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Sunday, August 30, 2009

Preparing for This School Year - August 2009

In preparation of school, we are not talking about it too far in advance. Last year was quite different, only because he was switching to a whole new building, but since he is returning to the same one as last year, I chose to withhold the S word until now, one full week before school begins.

Depending on the circumstances of how to handle the upcoming school year, I think its different for each child. Withholding the S word ensures Jacob of having no anxiety about school yet. All he needs is to hear a word, and it manifests setting off panic and non-stop attacks. Its not the typical anxiety everyone feels before a new year begins, it is magnified and repetitive for Jake. Besides himself, he would be driving everyone else in the household crazy!! I know my son very well, and he would be loosing sleep thinking about the upcoming school year. It would give him reason to dwell on negative thoughts concerning teachers and peers, also bringing up past experiences and events, so I am not giving him this reason. He is unable to put things into perspective and think logically about them. Besides, he is having such a wonderful summer, I hate to spoil it.

Being a typical Aspie, Jacob has a very hard time with transitions. The year before last was a complete disaster when he began a new school, (I moved him to a very small Lutheran school to public school), and it was just awful for him. Jake got lost in the halls, panicked over the bus, the class size doubled which overwhelmed him, there were several incidents with teachers and students, etc. etc. The year was full of crying and meltdowns literally every day. I know he did not learn a darn thing that year due to his mental state. It was awful to say the least. I blame no one but myself for this. I thought I did a good job preparing him for the changes, and assumed the school staff knew better. I failed at being Jacobs advocate; to explain who he was and obtaining what he needs at the school.

I learned from that experience, followed my instincts, and really focused on the transition process the before the beginning of last year. Jake switched schools again, but to move was with the rest of his peers to the 5- 6 grade school. The whole staff at the new school probably thought I was nuts. But the change went quite a bit smoother than the previous year. We must of visited the school a dozen times over the summer. Jacob would just wonder the halls to see where they lead to, he basically memorized the school layout, and visited any open rooms. Jake made contact with a resource room teacher several times, the principal. school secretaries, and ESAP. I explained thoroughly Jacobs mannerisms, his fears, his issues to everyone that would listen. I gave Jake's new main teacher a copy of my blog too!! I thought this was extremely helpful to him since he did not know what aspergers was. I don't think I could do any thing more to prepare him.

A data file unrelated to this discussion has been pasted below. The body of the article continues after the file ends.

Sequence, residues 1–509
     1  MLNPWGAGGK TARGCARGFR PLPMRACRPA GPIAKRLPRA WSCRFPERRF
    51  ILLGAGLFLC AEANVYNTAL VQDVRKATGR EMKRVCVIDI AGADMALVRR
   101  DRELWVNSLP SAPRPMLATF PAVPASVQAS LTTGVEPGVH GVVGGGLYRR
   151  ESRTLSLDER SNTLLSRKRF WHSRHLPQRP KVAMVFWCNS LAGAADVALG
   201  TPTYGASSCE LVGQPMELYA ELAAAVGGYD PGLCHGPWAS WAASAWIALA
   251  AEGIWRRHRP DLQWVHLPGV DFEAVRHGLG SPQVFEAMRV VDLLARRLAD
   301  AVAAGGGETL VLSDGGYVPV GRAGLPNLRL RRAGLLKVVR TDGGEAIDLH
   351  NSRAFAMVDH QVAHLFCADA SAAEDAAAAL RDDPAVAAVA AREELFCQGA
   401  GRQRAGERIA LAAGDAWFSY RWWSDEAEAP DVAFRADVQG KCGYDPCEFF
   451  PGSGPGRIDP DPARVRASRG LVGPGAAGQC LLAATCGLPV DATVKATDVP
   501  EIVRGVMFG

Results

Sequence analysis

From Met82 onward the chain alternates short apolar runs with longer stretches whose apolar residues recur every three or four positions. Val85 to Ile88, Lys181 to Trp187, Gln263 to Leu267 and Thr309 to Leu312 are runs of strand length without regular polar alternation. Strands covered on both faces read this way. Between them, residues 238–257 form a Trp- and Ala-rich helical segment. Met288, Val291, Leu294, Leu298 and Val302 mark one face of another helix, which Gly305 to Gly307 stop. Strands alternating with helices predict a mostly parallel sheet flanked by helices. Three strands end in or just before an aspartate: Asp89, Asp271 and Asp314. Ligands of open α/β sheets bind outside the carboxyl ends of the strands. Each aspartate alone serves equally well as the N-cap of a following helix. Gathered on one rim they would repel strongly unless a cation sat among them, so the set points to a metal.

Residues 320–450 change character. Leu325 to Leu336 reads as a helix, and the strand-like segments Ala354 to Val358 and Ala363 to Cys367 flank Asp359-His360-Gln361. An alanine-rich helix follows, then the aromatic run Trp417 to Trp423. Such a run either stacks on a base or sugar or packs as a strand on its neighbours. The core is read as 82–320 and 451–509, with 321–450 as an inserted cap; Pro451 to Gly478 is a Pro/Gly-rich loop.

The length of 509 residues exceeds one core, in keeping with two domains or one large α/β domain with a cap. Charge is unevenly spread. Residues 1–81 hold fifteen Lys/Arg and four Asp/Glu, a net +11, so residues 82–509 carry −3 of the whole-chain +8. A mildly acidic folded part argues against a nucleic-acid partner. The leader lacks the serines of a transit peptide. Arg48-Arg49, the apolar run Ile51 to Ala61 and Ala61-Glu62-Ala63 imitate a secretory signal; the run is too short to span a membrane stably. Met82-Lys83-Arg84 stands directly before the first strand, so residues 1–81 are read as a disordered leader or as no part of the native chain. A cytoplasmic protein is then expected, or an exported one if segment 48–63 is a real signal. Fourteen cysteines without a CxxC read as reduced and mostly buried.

This year since Jake will be returning to the same school, the only thing different will be his main teacher, and of coarse the location of his class. Thank God his extraordinary resource room teacher, Mrs. H, will remain the same! This gives Jacob, (and I ), a huge comfort as far as this year goes. In my previous posts I have bragged about her, what an amazing person and gentle teacher she is. I know she will be a advocate for Jacob at school, which takes a lot pressure off. So, all that's left is contact with Jacobs new teacher, and I will try and fill her in as best as I can before school begins sometime this week. I am praying this new teacher will be open-minded, flexible, have a few tricks up her sleeve, and a sense of humor. Am I asking for too much??

I don't understand why special ed students don't get a meeting with their teacher before school starts. I realize it must be very difficult at the beginning of the school year when all teachers are setting up the classroom and getting everything ready. I think it would be very beneficial to the special ed students as well as the teacher to spend some time with those new students. Perhaps having an hour playing games with them, and another hour explaining her classroom rules. This would help those new students to get to know the new atmosphere and mix with the new teacher a bit. It would give the new teacher some perspective on her new students and a head start for the students. I think that would be a wonderful way to transition for Jacob! I'm asking myself why isn't this being done?

I have just now started to clean Jake's closet and drawers in his bedroom out, getting rid of the clothes that don't fit and deciding what he needs to begin school. During this process I have started to talk to Jacob about the beginning of school in a matter of fact way. His response was positive, inquired about Mrs. H, and how the summer has just flown by. I have shopped alone and bought some school supplies, without Jacob going with me and tucked them away. I think next week I will take them out and show them.

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